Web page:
Netflix crushed it in the first three months of 2020, gaining 15 million new subscribers to bring its total to a whopping 182 million worldwide. Before the coronavirus pandemic hit, the company had expected to gain just 7 million new subscribers during the period.
Everyone sort of expected this to happen because guidelines around social distancing mean people around the world are stuck indoors looking for things to do. Netflix also managed to drop a new hit miniseries, Tiger King, just as the lockdowns were escalating. The show has been viewed by over 64 million people, according to Netflix. That combination put the company in the perfect position to sweep.
New content may be temporarily limited — On the negative side, Netflix did say that some new releases will be delayed because production has ceased and it has been unable to produce new dubbing for international releases. Fortunately Netflix still has some content that will be going live this quarter, including new shows Space Force and Hollywood.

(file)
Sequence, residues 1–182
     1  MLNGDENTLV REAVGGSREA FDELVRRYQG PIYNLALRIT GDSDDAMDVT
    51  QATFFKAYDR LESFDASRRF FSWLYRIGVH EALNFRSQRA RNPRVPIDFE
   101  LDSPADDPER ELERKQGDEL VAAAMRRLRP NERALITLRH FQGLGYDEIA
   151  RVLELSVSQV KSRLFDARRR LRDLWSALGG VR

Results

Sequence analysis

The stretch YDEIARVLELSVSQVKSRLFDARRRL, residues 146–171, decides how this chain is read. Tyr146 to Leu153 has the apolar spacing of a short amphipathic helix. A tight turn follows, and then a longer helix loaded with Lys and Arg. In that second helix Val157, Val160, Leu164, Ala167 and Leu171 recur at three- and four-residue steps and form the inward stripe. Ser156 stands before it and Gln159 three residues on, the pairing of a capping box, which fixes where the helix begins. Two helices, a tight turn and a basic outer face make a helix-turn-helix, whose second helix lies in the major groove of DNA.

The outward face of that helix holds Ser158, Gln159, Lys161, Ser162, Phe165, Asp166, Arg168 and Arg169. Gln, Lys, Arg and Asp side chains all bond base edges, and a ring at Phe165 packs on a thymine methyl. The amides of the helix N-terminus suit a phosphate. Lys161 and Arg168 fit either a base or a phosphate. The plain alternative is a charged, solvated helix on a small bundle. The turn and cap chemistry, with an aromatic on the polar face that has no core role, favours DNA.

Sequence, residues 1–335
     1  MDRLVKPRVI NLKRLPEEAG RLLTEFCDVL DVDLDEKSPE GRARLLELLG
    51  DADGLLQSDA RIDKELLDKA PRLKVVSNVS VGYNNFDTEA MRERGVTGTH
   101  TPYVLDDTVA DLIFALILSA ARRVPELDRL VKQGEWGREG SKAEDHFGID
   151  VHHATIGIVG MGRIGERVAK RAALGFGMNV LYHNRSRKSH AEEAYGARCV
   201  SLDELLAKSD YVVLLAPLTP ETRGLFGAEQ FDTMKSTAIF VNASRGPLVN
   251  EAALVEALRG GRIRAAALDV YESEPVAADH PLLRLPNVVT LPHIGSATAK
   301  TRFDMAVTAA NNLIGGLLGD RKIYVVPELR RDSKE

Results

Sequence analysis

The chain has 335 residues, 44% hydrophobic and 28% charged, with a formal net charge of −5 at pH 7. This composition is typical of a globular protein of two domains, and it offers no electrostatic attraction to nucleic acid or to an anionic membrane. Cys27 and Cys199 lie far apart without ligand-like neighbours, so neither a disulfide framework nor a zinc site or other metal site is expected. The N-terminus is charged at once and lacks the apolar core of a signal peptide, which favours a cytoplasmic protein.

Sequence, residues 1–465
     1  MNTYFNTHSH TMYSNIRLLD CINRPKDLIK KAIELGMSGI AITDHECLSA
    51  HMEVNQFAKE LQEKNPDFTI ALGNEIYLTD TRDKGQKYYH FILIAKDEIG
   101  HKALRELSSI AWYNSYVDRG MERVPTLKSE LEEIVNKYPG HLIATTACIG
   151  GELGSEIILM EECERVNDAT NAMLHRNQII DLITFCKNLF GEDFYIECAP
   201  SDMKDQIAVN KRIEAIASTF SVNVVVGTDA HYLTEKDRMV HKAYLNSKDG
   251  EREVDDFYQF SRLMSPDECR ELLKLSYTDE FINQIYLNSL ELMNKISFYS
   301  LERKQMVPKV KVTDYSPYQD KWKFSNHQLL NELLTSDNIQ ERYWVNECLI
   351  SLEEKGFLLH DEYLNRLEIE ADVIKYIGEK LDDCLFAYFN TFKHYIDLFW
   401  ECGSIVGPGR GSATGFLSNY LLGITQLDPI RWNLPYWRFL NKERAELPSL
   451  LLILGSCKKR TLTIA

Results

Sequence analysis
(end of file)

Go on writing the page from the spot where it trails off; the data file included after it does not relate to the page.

The company expects that new subscribers will drop back down to 7 million next quarter should countries begin to re-open.
Coronavirus raises all streaming boats — Recent data from research firm Conviva found that video streaming rose 20 percent in March amid the pandemic, and 26 percent in the U.S. specifically. Other streaming services have also been doing well, like Disney+ which reported earlier this month that it has reached 50 million subscribers since launching in November. Mobile-only Quibi recently announced that it has surpassed 1.7 million downloads since launching on April 6th.
Disney, like Netflix, has also paused production of new shows and movies, which may hurt it because, classic films aside, Disney+ had a fairly light roadmap of fresh content in the pipeline. People want to go back to their old favorites only so many times before they get stale, whereas everything from Netflix is fairly new comparatively speaking. Disney is also hurting because it generates a significant sum of its revenue from parks and theatrical releases, both are which are, of course, canceled. Its stock has taken a beating over the past 6 months while Netflix's has increased sharply.